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Re: If you are interested
>>>>> "P" == P Jenner <firstname.lastname@example.org> writes:
P> On 12 Sep 1999, Gary Lawrence Murphy wrote:
>> ... My personal view is the observation that where open
>> source scratches an itch, it will be superior software, but
>> that it doesn't follow that any open source program is better
>> for a purpose than commercial software.
P> Again I believe that the LDP has a duty to use only Free
P> Software. If it does not then it loses something of its
P> standing as a champion of that cause.
This does make some political sense, but can also create extra work
for a volunteer org. I recommend we do a very careful evaluation of
any new products to ensure our solution is just as effective as any
My main business is in introducing and interpreting open source
systems for commercial clients, and I am quite convinced the enormous
growth over 1999 is not from people like us who are forgiving of
awkward interfaces and missing pieces, or those who know or care what
a regexp is.
The new Linux users are Windows NT refugees, and while they are not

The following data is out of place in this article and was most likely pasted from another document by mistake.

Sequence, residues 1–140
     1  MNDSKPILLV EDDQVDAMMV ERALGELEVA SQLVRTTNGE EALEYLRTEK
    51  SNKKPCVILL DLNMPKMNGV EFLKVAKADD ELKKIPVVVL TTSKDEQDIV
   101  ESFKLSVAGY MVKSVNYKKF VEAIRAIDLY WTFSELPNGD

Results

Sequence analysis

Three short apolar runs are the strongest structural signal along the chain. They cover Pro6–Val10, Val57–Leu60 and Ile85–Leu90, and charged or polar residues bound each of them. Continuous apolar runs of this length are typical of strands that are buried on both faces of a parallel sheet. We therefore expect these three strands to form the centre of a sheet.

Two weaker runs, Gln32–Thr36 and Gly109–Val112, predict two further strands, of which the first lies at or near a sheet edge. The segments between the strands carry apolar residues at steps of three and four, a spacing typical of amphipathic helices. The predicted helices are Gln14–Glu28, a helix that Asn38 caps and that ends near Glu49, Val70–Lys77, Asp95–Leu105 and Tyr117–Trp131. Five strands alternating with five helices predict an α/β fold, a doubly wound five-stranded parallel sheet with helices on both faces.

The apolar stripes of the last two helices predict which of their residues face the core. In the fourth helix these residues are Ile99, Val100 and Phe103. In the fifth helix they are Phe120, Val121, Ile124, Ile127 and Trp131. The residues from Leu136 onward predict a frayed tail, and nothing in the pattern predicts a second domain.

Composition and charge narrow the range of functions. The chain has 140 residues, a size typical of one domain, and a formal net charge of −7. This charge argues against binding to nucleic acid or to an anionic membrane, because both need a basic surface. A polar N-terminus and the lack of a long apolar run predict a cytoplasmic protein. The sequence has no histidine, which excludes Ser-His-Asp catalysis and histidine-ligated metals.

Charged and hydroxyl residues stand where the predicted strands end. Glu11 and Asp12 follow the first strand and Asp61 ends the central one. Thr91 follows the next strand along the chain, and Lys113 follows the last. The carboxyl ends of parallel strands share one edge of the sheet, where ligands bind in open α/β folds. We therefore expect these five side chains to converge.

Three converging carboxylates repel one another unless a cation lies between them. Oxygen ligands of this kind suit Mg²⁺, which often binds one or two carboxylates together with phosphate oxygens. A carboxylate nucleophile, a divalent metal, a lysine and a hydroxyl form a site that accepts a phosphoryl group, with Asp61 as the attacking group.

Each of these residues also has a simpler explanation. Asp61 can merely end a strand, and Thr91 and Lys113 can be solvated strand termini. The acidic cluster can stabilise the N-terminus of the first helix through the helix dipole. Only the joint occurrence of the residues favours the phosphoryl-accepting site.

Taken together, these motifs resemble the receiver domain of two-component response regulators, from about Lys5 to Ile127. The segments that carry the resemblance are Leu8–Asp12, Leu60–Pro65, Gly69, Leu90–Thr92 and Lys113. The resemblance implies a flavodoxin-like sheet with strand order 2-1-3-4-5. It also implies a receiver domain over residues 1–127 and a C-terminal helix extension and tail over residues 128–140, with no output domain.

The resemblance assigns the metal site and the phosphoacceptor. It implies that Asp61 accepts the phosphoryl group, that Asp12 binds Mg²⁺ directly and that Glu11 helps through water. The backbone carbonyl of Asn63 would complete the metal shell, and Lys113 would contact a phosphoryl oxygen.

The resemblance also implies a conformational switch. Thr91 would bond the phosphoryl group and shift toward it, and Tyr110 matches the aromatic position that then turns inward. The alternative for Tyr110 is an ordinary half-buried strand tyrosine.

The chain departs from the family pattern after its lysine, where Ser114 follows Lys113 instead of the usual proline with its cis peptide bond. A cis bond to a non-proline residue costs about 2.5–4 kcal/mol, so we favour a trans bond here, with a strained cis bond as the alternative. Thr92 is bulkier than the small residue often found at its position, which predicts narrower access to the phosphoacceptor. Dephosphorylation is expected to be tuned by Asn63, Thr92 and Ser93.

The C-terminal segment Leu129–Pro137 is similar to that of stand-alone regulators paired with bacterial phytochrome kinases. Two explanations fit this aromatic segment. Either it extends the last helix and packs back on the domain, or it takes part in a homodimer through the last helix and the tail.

enthusiastic about their old platform, they are enthusiastic about
its peer support sites such as the Microsoft Knowledge Base.
I liken the current state of Linux to the discovery of the New World.
>From 1610 to even 1850, a pioneer did not expect any support.
Everything they used was build by their own hands or those of close
friends. I put Linus and Alan Cox and other core people in this camp.
Next came the ranchers from 1850 to 1930. These were people drawn by
the stories of the pioneers and who, while they could fix their own
well pumps, cabins and fences, they travelled in carts on roads and
depended on the trade routes, tools, and natural resources discovered
and developed by the pioneers. They are still very resourceful and
accustomed to extra work just to enjoy their freedom, but they were
not as willing to risk everything as were the pioneers; I expect
everyone here is in that camp.
Finally, in came the covered wagons ;) They want flush toilets, stable
electricity, pony express postal service, telegraph service, hot water
for baths, tailored clothes, education, imported beer :) ... this is
who is coming in to Linux now, and (thanks to book writers such as
myself) they are all being told the LDP is the number one resource.
As the "front door" of Linux, we need to demonstrate that our O/S is
ready for serious consideration in enterprise computing. IMHO, the
LDP has the most critical, most difficult, most expensive, and the
scariest job of all the orgs in Y2K ;)
Say ... isn't google open source?
Gary Lawrence Murphy <email@example.com> TeleDynamics Communications Inc
Business Telecom Services : Internet Consulting : http://www.teledyn.com
Linux Writers Workshop Archive: http://www.egroups.com/group/linux-hack/
"You don't play what you know; you play what you hear." -- (Miles Davis)
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